* Cleveland-Marshall Law has a new “risk-free” degree. Just go for one year. If you hate it, you can drop out, but you’ll have a master of legal studies — which is better than one-third of a J.D. [National Law Journal]
* Dorian Satoshi Nakamoto, the man who has emphatically and repeatedly denied that he’s Bitcoin’s creator, hired a law firm to continue to spread his denials across the globe. Wow. Such lawyer. [Newsmax]
* This catfight could use some mud: A lawyer for Sarah Grimes, the sorority girl who came to blows with Nick Saban’s daughter and sued, pledged to take his client’s case to the state’s highest court. [AL.com]
As you’ve likely heard, last Friday ATL hosted its inaugural Attorney@Blog conference at the Yale Club in New York. The conference comprised a series of lively, informative, and occasionally profane panel discussions on topics near to our heart: free speech, hate speech, the state of legal journalism, and technical trends. By all accounts, a good time was had by both the panelists and attendees, and we can’t wait to do it all over again next year.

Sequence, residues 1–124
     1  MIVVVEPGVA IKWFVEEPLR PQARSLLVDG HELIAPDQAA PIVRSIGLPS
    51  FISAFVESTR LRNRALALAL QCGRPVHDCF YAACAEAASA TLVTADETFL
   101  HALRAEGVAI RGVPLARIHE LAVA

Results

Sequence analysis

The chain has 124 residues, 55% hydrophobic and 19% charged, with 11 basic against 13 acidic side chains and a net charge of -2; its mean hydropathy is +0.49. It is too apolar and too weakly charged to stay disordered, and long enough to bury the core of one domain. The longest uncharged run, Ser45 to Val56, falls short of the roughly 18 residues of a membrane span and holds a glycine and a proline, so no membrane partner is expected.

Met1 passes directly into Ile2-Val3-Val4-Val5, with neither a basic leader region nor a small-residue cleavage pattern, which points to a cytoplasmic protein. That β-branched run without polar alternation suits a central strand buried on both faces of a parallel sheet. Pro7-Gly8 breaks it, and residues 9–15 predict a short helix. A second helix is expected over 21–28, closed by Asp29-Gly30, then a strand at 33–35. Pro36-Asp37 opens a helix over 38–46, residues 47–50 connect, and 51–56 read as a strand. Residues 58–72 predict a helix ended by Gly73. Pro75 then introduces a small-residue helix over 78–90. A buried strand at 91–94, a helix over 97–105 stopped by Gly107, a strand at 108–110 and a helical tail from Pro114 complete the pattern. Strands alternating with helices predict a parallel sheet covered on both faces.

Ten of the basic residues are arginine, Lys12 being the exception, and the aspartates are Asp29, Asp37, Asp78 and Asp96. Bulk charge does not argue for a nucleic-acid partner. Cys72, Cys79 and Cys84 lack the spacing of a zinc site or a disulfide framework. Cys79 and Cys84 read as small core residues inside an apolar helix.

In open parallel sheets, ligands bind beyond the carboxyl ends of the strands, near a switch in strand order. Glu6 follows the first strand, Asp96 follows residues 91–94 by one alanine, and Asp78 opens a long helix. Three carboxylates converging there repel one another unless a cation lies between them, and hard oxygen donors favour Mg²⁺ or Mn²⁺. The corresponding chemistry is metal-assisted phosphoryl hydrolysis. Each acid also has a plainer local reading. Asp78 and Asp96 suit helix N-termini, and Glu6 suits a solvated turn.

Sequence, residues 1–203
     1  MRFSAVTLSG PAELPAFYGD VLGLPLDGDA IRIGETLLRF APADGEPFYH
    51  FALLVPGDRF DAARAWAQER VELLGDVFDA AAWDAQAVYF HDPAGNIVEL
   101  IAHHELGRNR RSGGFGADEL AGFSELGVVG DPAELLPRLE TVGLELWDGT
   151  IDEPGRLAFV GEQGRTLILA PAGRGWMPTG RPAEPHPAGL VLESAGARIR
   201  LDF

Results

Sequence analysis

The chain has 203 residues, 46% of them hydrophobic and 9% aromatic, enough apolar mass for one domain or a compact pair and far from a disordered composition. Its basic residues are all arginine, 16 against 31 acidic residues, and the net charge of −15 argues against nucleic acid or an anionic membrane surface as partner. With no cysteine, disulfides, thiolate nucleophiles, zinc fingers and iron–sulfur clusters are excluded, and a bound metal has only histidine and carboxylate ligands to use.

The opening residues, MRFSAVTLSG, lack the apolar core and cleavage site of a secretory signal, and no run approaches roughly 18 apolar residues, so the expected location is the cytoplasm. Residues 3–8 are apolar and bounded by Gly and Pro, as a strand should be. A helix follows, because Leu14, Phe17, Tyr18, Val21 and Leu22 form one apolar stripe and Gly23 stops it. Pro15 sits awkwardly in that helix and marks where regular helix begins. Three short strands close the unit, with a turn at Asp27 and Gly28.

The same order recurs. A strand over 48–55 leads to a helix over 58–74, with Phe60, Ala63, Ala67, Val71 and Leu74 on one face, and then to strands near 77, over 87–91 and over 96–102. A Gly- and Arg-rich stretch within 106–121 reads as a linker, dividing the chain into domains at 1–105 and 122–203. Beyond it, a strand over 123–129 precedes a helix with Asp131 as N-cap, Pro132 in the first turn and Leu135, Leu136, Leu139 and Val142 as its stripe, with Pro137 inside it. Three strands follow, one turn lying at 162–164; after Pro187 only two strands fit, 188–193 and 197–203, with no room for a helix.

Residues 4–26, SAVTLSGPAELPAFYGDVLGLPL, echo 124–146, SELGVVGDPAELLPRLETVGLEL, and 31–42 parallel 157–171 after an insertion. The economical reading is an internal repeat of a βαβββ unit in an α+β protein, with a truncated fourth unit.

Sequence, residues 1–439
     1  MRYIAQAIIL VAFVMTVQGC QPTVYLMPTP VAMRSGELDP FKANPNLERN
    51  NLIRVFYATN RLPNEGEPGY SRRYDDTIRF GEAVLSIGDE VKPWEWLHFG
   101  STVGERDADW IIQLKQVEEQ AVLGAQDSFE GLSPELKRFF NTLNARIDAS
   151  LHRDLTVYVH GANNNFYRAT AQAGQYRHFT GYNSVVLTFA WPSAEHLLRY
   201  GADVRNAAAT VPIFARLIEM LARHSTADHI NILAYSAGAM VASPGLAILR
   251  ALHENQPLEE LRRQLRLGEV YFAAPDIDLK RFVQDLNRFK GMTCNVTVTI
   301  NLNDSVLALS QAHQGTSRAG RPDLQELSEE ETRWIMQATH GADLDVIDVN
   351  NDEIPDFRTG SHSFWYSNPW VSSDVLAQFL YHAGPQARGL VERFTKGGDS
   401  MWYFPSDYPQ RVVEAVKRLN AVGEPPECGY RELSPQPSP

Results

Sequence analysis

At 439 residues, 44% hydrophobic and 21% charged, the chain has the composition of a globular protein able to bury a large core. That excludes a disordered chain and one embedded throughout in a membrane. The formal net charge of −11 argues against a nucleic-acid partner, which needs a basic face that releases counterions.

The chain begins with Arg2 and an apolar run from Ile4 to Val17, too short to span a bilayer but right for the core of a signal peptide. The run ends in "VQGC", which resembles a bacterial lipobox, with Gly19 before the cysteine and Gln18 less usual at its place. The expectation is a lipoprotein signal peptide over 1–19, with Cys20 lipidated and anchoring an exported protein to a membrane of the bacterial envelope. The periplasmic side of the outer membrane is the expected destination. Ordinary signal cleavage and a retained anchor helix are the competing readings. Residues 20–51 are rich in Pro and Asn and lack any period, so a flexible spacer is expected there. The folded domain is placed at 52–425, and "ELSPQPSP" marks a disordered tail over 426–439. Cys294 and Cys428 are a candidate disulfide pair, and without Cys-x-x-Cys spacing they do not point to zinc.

As befitting a social media-themed conference, the day was heavily tweeted, with our hashtag (#AttyAtBlog) managing to trend for hours. Read on for a round-up of the day’s top tweets.
On Friday, we held our inaugural Attorney@Blog conference, a first-of-its-kind convocation of leading legal bloggers. The conference featured a series of panel discussions covering an array of important issues facing the legal blogging community, including free speech, race and gender, and technology. The event was very well-attended, and at several points throughout the day boasted a standing-room-only crowd.